At first glance, walking is a simple habit. Walk at least 30 minutes a day, most days. Easy, right? But anyone who’s tried to start that habit knows even one walk a day can be a challenge if you lead a busy life. Furthermore, once you do finally establish walking as a daily habit, it can be hard to stay motivated to continue.
Maybe at first, the walks made you feel great and you could see noticeable changes to your health and fitness, but a few weeks or months in, you feel like you’re walking nowhere. When you hit that point, having a goal tied to your walking can be a huge boost for your motivation — and that goal doesn’t have to relate to calories burned or pounds lost. Rather, consider seeing your walking as a form of training. Regular, daily exercise like this means you are an athlete, and it’s time to set goals like one. Here’s how:
Goal number 1 is simple: If you haven’t already become an established walker, hitting that 30 minutes a day of walk time should be a priority. You can borrow a page from Jerry Seinfeld’s playbook here and use a calendar to gauge your progress — in addition to recording it in MyFitnessPal. For every day you go for a walk, give yourself a check mark or a gold star on your calendar (digital or IRL). The goal is to not break your streak, which is why a physical calendar can make this a more effective strategy. It’s easier to see a date without a check mark or X on it when it’s hanging on your wall.
Once you have the habit going, let’s turn to the old classic: Creating a SMART goal. This means any goal you set should be Specific, Measurable, Achievable, Relevant and Time-Bound. Here’s how to use this framework with a walking goal:
Specific: Decide what you want to do with your walking. Do you want to increase your speed, walk or hike a certain distance in a single day, or lose a certain amount of weight by walking? Try to make your goal as specific as possible (for example, “getting faster” isn’t specific, but “walk at an 18-minute mile pace for five miles” is).
Measurable: Obviously, a goal like losing weight can be measured on a scale, but often, fitness-based walking goals are left fairly open-ended. The measurement for walking can be pace or distance, but make sure you have a method for keeping track of the metric you set. There are plenty of apps that do this, or you can get a fitness watch to wear on walks where you’ve left your phone at home. If weight is your goal, make sure you’re checking it at a designated time weekly or monthly, not just guessing at if you’re getting closer to your objective.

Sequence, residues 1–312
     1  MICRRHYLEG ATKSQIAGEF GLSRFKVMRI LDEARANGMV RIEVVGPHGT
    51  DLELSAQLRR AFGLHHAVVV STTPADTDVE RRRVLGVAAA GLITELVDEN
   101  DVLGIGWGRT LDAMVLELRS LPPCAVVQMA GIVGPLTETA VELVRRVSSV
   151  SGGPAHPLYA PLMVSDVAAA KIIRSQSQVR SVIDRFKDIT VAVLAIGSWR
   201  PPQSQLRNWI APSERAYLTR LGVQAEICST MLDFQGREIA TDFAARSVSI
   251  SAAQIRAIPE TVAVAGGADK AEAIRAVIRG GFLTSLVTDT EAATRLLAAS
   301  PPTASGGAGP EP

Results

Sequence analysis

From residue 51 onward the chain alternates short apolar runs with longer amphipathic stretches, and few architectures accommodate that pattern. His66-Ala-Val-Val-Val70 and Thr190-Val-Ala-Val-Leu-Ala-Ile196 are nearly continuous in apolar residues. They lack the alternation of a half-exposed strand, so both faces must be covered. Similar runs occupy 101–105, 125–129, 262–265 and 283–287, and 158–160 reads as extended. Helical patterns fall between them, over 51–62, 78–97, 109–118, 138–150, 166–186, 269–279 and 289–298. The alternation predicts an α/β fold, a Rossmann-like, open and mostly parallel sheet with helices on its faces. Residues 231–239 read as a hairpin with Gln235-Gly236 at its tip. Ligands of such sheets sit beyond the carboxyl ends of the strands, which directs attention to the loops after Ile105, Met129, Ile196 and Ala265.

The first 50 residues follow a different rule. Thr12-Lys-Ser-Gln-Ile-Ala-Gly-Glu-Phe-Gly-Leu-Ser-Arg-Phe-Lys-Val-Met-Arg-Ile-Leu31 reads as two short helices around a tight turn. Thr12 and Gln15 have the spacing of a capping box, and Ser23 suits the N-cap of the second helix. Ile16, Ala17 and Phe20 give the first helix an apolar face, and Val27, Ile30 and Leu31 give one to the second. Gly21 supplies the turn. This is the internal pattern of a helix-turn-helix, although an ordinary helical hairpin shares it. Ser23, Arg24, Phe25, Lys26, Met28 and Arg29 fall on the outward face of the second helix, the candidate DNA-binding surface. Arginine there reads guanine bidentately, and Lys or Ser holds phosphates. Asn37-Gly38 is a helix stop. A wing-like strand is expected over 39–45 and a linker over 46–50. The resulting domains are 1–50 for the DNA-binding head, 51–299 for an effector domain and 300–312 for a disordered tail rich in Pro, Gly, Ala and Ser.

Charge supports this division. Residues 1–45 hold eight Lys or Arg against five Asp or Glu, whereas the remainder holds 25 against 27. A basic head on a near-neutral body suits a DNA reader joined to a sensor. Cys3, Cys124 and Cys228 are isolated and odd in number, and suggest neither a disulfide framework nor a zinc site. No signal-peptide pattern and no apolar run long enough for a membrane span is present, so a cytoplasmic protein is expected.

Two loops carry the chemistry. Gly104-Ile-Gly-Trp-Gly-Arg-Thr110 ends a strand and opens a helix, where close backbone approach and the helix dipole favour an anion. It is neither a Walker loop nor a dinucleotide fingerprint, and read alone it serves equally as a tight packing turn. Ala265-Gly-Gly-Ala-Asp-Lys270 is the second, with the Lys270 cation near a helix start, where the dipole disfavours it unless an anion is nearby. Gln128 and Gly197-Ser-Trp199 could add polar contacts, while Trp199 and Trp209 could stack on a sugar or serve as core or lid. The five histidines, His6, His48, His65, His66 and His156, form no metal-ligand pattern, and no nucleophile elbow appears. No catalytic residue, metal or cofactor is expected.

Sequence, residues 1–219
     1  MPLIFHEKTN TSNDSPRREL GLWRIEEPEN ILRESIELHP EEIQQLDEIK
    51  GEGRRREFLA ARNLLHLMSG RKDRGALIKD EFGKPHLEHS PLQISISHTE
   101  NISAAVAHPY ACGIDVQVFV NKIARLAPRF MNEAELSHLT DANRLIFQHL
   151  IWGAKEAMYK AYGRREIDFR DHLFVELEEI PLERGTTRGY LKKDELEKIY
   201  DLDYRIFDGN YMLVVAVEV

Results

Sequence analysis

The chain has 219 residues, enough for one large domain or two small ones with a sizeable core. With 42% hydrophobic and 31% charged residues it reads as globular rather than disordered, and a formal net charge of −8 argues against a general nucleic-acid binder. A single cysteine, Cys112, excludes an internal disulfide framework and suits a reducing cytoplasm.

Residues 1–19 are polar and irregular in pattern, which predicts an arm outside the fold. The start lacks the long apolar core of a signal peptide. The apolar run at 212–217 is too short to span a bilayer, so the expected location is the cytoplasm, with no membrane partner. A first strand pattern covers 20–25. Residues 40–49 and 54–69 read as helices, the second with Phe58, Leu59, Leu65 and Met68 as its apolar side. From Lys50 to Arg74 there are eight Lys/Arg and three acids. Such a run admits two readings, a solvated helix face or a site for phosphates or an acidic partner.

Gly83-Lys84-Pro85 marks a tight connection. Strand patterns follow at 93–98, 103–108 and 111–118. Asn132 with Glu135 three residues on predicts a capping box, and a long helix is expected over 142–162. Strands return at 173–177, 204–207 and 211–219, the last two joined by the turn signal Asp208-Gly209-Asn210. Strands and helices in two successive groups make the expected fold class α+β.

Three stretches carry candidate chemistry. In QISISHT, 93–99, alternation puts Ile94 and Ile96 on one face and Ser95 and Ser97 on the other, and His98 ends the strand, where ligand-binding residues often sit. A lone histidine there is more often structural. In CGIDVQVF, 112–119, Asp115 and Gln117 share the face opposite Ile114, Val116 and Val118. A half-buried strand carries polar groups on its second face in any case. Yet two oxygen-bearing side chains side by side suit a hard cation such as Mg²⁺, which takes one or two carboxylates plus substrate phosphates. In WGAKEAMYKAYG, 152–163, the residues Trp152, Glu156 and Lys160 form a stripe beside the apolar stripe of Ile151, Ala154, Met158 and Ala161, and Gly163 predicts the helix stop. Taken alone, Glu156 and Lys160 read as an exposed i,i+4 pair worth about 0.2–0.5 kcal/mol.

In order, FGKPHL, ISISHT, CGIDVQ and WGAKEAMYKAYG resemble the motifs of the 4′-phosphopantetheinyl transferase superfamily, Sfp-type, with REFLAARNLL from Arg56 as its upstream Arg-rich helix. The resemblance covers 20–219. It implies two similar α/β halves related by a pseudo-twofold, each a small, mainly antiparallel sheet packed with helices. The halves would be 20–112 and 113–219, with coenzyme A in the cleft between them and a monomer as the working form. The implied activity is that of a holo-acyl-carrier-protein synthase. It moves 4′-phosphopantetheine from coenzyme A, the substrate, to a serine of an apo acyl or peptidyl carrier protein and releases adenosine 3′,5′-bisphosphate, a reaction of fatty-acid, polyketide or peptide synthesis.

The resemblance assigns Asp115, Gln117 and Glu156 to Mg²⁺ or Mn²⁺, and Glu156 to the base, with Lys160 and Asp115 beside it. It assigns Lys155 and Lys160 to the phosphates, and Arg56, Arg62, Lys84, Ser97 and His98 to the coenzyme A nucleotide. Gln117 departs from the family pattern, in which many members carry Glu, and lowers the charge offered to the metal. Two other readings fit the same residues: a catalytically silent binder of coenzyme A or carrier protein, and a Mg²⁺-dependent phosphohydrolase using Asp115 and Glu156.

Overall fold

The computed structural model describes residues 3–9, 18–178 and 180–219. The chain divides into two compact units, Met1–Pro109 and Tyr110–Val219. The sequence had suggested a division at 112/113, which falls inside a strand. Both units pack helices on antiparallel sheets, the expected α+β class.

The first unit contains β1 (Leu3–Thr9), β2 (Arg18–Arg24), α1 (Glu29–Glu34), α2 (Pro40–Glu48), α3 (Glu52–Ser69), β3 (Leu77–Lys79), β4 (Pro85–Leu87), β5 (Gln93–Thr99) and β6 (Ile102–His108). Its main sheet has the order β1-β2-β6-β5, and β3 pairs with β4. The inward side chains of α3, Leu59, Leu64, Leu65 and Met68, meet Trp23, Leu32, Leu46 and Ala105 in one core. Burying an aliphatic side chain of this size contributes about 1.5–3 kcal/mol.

Achievable: Climbing Mount Everest or hiking the entire Appalachian Trail are great goals eventually, but if you just started walking last month, you may want to set a goal that’s a little less intense. A good goal is one that stretches beyond your current abilities, but one you can imagine yourself achieving. If your initial reaction to your goal is “I’ll never be able to do that,” then you may want to try for a smaller goal first and gradually build up. Achievable also means you should be able to see the steps it will take to get to your goal, and those steps should be doable in your current life situation. If you can’t move to altitude and start hiking mountains regularly, Everest might not be on this year’s goal list — but hiking up your local mountain could be. You’ll get to Everest eventually!
Relevant: Does your walking goal actually work with your life right now? A goal of walking for 15 hours per week might be impossible if you currently work a full-time job, have three kids in eight different activities and are also working on writing a novel. Many of us fall into the trap of picking a fitness goal that sounds great and feels good, but it doesn’t actually work with our current lives. Ask yourself, “Can I train for the goal I’ve set?”
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Time-Bound: You can set a ‘date to do X by’ or you can look for something more official. For someone who prefers a hard deadline, you may want to consider booking something that forces you to be in top walking form, and work back from that date. This could be a long walking tour of a city (preferably self-guided, so you’re not at the mercy of a tour group’s pace) or deciding on a date to do a longer hike than you’ve ever done before and asking a friend to put in on the calendar to do together.
Once you have your SMART goal in mind, you can start to plan your walks to prepare for whatever goal you’ve set. Once you have your date-based goal, look at what it will include. If it’s going to take five hours or cover 15 miles, you now have your goal time or distance. Consider terrain as well (a tough hike is going to take much longer than a walk across a flat city). Then, think about how you should train to accomplish this goal. For example, that might include adding walks on more challenging terrain, doing a longer walk on the weekends or adding a short bonus walk in the morning a couple of times each week.
Lastly, if you’re someone who needs milestones along the way, or if your goal is far in the future, you might benefit from an incentive system that you create. This means setting specific rewards — like a new walking outfit or new walking shoes — for every month (or whatever time frame you choose) where you meet your training objectives.
Setting goals reminds you to keep reaching for the finish line every day, but setting SMART goals like our recommendations above could increase your chances of accomplishing things you didn’t think were possible. While the results of generic goals can be objective, there’s no question whether SMART goals were achieved (or not). Set yourself up for success, and the (walking) path will be more clear than ever!
Make progress every day while you work on fitness and nutrition goals, like walking more steps. Go to “Plans” in the MyFitnessPal app for daily coaching and easy-to-follow tasks to keep you motivated.